06 Mar Highlighting Five Remarkable Utah Women During Women’s History Month
A prolific folklorist, journalist, editor, and author, Olive Woolley Burt came to Utah at the age of two in 1897. She worked for both the Deseret News and the Salt Lake Tribune and authored more than 50 books, receiving accolades from many organizations including the National League of American Pen Women.
Always eager to step out and lead, Reva Beck Bosone was a school teacher before serving in the Utah House of Representatives (1933-36), as the Democratic Floor Leader. She continued in politics, elected as the first woman to serve in the U.S. House of Representatives. She eventually went on to become the first female judge in Utah.
A native of Cleveland, Suzy Rytting moved to Utah in 1942 and two years later, at the age of 15, she was breaking fresh tracks in female competitive skiing. A member of the 1948 and the 1952 USA Olympic Alpine Teams, Suzy was also National Slalom, Downhill and Giant Slalom Champion. She was a national medalist eight times from 1947 through 1952. Amongst many additional athletic awards and accolades, Suzy continues to make a difference through community organizations she’s involved in.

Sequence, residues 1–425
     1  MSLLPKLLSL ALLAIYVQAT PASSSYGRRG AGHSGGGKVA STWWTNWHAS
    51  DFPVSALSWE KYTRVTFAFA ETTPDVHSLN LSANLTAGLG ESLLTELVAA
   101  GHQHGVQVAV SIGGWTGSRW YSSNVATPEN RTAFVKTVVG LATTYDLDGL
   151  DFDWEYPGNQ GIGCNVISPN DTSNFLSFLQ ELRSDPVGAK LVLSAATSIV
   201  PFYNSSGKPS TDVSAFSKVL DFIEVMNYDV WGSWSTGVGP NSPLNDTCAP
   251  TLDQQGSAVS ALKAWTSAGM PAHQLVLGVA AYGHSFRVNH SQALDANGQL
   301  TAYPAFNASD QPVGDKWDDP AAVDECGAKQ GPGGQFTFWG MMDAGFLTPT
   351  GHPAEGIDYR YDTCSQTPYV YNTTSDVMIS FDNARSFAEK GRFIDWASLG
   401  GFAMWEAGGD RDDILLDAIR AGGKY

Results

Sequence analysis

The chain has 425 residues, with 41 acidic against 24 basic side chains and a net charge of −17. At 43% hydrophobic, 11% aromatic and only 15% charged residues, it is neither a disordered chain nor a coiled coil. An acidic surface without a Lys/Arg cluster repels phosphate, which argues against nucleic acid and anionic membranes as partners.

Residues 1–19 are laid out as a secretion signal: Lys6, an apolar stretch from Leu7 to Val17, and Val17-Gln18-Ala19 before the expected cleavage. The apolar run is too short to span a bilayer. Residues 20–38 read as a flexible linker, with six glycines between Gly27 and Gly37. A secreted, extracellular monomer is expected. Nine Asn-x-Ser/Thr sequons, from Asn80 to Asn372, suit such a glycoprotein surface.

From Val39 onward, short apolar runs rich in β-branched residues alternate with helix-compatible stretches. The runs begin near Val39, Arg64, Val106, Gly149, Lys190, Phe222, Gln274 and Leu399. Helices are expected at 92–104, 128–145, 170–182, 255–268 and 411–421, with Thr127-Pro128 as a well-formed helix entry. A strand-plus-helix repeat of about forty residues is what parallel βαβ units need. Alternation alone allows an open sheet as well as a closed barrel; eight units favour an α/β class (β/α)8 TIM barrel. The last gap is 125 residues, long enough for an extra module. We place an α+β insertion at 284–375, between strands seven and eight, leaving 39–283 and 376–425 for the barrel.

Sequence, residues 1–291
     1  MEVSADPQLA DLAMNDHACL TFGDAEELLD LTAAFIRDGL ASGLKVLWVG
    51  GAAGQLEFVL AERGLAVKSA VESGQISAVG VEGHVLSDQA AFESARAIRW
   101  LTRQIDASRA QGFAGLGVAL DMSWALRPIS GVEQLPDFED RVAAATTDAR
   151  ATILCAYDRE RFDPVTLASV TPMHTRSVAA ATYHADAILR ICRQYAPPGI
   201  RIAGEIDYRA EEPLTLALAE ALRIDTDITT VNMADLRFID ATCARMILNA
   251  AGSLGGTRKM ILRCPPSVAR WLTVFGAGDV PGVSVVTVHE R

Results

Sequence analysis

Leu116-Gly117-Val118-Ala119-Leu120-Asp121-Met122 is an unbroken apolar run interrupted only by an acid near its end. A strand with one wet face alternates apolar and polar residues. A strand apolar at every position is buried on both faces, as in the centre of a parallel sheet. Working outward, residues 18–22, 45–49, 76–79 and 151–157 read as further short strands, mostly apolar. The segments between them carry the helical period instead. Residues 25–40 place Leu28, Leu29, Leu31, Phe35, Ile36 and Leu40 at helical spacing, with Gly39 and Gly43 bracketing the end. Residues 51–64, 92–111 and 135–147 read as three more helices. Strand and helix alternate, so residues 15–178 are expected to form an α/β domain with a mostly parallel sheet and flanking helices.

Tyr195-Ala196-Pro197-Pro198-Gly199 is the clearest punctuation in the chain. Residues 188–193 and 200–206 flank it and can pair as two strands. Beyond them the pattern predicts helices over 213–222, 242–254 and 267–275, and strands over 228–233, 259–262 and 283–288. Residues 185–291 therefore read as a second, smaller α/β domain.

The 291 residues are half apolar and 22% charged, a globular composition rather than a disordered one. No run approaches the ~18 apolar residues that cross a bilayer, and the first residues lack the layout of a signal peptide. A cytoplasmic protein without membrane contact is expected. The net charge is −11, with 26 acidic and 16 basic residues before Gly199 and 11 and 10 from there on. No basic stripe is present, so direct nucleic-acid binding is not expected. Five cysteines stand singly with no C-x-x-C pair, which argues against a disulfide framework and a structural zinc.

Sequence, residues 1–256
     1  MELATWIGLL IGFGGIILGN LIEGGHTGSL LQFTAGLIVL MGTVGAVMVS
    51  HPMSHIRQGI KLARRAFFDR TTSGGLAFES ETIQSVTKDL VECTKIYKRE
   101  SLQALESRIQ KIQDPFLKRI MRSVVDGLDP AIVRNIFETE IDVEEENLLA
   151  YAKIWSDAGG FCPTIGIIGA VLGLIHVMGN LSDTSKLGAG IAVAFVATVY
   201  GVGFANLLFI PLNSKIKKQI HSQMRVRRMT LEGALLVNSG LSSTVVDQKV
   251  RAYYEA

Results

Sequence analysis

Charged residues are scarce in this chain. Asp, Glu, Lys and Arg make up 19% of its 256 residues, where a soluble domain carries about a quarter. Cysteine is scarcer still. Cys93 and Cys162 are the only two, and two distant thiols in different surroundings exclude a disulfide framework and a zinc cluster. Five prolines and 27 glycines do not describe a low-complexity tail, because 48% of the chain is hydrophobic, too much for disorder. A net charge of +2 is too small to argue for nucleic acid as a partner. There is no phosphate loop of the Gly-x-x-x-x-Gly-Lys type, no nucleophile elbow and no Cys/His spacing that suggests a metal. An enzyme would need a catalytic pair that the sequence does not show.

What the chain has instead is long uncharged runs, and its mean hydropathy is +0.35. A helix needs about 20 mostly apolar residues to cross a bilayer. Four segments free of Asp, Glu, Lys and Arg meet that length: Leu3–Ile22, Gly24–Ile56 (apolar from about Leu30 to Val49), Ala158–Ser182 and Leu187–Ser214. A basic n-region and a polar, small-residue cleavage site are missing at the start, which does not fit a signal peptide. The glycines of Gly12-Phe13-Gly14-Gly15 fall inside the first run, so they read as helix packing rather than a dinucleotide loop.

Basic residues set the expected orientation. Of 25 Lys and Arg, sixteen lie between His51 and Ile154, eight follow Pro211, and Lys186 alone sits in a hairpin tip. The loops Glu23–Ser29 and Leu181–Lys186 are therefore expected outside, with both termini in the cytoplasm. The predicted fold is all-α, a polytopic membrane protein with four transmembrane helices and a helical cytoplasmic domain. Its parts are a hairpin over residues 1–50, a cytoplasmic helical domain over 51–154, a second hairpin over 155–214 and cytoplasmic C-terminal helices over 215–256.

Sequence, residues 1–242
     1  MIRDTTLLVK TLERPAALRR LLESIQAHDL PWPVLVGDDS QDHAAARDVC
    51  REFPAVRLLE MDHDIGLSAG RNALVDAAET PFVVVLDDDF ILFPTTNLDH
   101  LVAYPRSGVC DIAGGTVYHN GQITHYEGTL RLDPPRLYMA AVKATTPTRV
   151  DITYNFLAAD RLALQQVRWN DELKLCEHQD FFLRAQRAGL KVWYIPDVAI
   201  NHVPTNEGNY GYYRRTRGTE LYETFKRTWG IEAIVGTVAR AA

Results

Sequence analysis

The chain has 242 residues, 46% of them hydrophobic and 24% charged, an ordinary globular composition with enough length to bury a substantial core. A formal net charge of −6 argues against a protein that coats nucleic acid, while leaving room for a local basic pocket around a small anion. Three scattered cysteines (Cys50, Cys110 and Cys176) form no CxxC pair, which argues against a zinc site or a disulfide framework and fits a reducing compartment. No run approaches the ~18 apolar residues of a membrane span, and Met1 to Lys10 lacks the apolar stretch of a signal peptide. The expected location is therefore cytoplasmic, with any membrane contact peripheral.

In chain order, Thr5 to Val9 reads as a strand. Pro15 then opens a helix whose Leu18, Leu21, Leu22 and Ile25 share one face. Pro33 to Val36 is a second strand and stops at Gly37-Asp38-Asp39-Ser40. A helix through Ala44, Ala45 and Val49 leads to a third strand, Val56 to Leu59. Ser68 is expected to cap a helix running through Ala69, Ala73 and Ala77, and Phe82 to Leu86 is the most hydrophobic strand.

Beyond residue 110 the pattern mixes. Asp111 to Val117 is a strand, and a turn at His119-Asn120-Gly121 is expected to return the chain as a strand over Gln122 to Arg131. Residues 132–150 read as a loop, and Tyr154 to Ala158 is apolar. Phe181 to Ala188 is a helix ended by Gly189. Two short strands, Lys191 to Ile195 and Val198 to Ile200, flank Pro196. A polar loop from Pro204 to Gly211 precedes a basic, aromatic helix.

A strident supporter of Japanese American civil rights, Alice Kasai led the Japanese American Citizens League while her husband was interred at Topaz during WWII, raised money through war bond drives and supported returning Japanese American soldiers and their families. She worked tirelessly to overturn the ban on interracial marriage in Utah and helped launch the sister cities project with Matsumoto, Japan. Alice Kasai’s collection is part of the Mitsugi M. Kasai Archive in Special Collections.
Emma Lou Thayne was known for her poetry and other thoughtful writing. A graduate of the University of Utah, Emma Lou Thayne taught English courses and also coached the women’s tennis team. In 1968 she returned to the University of Utah to complete a master’s degree in creative writing and she went on the author 14 books. Recognized as “Distinguished Alumna” at the U, she received many accolades over the years including the David O. McKay Humanities Award from Brigham Young University and the Gandhi Peace Award.